Wednesday, December 31, 2008

Just say ‘yes’

The end of the year is the time that many of us are thinking about how we can improve ourselves in the future, how we can have more fun or be more effective. The space between the two years, that seems to come from nowhere, gives us ample time to consider ourselves both in the present and in the future. And so it was on Christmas eve, while driving to the butcher to collect a six kilo Turkey, I heard an interview on the radio with a very natural and enthusiastic sounding person – the interviewee was telling how a simple piece of advice had changed his life.

His girlfriend had left him a while ago and his life had changed in a way that he hadn’t expected. He became insular, staying at home, turning down invitations and avoiding unnecessary social contact. Until one day a friend told him that he should ‘say yes more’. He said “it’s not good for you to stay in so much”. The interviewee thought about it for a while and decided to take his friends advice literally. He also considered that ‘just say yes’ would make a good title for a self help book, and so it was that he decided to give the advice a try.

He started to say ‘yes’ to literally everything; Yes to buying a secondhand car he didn’t need, yes to learning Flemish, yes to invitations to parties and yes to offers of daring and adventure and even yes to mundane activities. And all the while he documented his experiences and set about writing his book.
Several months later the phone rang, on the other end of the line was a film producer (apparently the maker of the Harry Potter movies) – “I have read your book” he said, “very interesting – I think a broader public would be interested in it, may I make a movie of it?” Of course the answer was ‘yes’. I don’t know the name of the interviewee or the exact title of his book but I do know that Jim Carey is playing in the movie and his ex girl friend in real life is being played by a famous actress.

The moral of the story is pretty obvious I guess but I thought it worth pondering for a while. Especially while considering ones New Year resolutions and how to stick to them. However, in my case, I am going to do the opposite. In 2007 and 2008 I said ‘yes’ to too many people with the result that I overstretched myself. In 2009, I am going to concentrate on what I know and do best, in environments where I have influence, in situations where I can be most effective. And, if I can have some fun at the same time, then so be it. My five year strategy plan is going well and all I want to do in the difficult months ahead is to try and keep it all on course.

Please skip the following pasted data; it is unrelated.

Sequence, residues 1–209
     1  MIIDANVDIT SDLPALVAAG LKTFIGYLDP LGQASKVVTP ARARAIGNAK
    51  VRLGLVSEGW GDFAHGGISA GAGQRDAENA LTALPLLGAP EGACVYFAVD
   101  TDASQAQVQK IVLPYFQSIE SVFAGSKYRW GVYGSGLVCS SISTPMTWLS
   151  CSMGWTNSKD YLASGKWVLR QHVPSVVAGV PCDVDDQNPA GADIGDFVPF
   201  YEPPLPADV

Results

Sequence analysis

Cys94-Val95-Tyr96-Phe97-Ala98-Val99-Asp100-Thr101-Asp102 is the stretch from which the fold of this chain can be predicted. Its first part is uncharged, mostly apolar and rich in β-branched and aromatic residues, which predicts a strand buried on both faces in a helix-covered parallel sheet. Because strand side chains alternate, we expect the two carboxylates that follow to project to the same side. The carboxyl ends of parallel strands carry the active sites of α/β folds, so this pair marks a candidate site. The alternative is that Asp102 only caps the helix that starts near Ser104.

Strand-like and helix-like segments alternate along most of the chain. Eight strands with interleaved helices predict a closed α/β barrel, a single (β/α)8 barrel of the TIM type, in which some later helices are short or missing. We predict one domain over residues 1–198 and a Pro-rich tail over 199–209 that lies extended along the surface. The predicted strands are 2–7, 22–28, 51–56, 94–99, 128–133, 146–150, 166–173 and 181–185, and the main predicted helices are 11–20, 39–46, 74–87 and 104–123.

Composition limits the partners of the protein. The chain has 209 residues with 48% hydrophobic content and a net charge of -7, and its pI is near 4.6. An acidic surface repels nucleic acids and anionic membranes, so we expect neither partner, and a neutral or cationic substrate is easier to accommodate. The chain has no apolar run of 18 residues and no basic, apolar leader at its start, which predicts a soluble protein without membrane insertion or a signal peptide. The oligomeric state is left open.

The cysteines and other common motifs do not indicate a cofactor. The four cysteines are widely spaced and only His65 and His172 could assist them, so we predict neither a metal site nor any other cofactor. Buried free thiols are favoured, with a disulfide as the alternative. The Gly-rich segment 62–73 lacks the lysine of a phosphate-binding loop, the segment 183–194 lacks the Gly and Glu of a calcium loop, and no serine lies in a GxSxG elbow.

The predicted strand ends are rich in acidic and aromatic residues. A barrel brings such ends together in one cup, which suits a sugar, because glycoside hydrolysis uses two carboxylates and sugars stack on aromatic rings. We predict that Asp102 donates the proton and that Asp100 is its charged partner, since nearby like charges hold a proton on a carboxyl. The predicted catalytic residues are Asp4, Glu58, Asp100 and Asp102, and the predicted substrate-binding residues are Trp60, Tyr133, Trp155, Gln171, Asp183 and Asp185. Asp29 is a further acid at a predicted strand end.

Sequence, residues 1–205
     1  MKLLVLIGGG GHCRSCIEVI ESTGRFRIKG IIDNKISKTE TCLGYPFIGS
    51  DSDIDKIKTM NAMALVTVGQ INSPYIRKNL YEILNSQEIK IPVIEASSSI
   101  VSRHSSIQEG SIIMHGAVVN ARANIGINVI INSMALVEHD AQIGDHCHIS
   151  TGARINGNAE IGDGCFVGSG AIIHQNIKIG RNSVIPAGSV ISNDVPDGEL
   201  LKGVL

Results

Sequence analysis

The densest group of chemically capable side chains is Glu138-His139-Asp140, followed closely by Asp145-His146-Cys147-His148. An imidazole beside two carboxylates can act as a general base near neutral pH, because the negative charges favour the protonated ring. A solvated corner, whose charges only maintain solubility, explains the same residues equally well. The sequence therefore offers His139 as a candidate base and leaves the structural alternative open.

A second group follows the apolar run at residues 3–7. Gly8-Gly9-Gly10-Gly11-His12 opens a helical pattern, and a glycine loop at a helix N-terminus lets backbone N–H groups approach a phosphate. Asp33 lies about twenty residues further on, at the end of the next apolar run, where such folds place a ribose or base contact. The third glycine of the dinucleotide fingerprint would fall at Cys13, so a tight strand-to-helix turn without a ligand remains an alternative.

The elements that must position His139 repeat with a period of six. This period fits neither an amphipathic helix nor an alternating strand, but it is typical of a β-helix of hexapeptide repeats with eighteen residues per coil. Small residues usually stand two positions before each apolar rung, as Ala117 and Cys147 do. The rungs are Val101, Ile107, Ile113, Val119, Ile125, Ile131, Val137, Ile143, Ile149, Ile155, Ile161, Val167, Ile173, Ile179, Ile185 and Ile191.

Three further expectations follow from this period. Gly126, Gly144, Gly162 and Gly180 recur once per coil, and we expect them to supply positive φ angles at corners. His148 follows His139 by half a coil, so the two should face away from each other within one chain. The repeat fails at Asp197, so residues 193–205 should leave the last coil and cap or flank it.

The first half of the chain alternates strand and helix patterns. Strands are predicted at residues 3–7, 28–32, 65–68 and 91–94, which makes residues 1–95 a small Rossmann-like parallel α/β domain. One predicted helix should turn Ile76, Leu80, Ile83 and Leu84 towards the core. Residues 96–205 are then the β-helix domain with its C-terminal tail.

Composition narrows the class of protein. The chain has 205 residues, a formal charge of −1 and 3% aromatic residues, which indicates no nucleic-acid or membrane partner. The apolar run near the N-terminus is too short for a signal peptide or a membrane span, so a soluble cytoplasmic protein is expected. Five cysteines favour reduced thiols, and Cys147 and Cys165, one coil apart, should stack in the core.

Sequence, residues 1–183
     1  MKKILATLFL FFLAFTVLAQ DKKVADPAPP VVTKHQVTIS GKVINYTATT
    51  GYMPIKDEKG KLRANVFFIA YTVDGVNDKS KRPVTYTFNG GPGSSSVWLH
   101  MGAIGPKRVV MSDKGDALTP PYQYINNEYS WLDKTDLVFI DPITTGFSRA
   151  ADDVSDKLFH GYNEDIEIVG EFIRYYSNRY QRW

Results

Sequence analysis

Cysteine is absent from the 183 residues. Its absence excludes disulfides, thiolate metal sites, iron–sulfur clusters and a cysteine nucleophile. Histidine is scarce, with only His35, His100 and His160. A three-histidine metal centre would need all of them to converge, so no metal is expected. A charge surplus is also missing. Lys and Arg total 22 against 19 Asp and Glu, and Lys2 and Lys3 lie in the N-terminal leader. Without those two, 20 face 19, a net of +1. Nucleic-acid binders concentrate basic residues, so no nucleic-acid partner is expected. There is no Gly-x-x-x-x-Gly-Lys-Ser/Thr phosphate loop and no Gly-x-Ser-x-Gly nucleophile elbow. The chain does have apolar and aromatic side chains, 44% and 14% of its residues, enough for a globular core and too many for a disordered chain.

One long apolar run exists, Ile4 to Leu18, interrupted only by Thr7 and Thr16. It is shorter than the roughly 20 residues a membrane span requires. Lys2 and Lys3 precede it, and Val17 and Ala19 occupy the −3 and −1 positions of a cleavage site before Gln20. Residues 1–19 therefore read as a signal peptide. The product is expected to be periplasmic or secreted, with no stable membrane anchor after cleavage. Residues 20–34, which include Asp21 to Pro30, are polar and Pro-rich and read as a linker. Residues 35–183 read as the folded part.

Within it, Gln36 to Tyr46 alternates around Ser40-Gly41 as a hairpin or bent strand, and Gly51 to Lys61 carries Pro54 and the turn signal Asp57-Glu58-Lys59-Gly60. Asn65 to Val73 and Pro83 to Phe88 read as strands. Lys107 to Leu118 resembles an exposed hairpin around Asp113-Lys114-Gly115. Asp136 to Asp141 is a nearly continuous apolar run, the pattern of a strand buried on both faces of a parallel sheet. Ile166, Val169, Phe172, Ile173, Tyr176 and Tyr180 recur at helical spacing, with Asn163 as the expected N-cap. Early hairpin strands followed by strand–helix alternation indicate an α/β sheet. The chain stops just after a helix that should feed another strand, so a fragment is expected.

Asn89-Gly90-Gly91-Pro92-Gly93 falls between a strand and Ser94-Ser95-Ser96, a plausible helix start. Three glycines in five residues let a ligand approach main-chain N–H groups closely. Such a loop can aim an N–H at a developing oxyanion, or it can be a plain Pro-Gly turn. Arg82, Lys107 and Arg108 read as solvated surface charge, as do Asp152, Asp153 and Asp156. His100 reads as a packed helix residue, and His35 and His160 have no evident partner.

So here’s wishing all my readers a very happy new year and a successful 2009!

Best wishes,


RHoK said...

It is funny that I read this post from Harley just after having seen the movie yesterday. And "yes", you should say yes to everything but you should say "yes" to life. With this perspective I would like to share with you some extracts of a very nice article and the latest "Psychologie" magazine which touched me profoundly.

Gratitude, it makes you feel good

Neuroscience shows that practicing gratitude on a daily basis is a sign of good physical health and relationships. Giving yourself after having received helps us to resist to stress, but also to realize that we need others to exist.

More often we search for reasons to be thankful, more easily we find more. In addition, the more we express our gratitude to the other, the more they are grateful to us, therefore they are more friendly, so we have more reason to be grateful, and so on.

How does it work? Gratitude "helps a person to direct its attention to the happy things in his life and to divert of the missing." The goal is to move "from the harshness - I want it - in gratitude - I am happy that I have." That's what makes Michael McCullough said that the appreciation could be a welcome alternative to the materialism of our society.

Gratitude is by definition antihero, it is not my talent, my strength or my originality. It rests on my ability to be "vulnerable", ie to accept to be helped and to be happy to receive this support.

So for me, 2009 will the year of gratitude. And to start with, I would like to thank you Harley for the very fine discussions we had together, these were great moments for me!

matthew said...

Harley, after some pondering you decided that:

- You are going to say yes only to what you know and do best, in environments where you have influence, in situations where you can be most effective.
- You want to try and keep your five year strategy plan on course.
- You don’t want to overstretch yourself.

All three are interrelated. If your five year strategy plan is realistic and attainable than you must be able to realize it without overstretching yourself. However, you wrote that your plan is going well while overstretching yourself in 2007 and 2008. Therefore, I am not sure whether your plan is realistic and attainable.

Your first decision worries me more. It looks to me that you are going to focus on the predictable (without surprises) and not on uncertain situations with a risk-averse and not an adventurous attitude. I do believe that with this kind of behavior you won’t succeed in realizing your plan.

Your decisions on saying yes or no are related to giving or taking. They depend on how you want to be perceived and in the end remembered. I personally do like the modest, listening and giving Harley more than the one anticipated by me after these decisions. For instance, there is a risk that you are going to say yes only when there is something in it for you.

Although I know that your strategy plan is not only about business, I do recall that the most successful managers are those that are modest, listening and giving (Level Five managers, From good to Great, Jim Collins). This is in my opinion another reason that you will be less successful in realizing your plan.

Therefore, I do hope that you will ponder a bit more.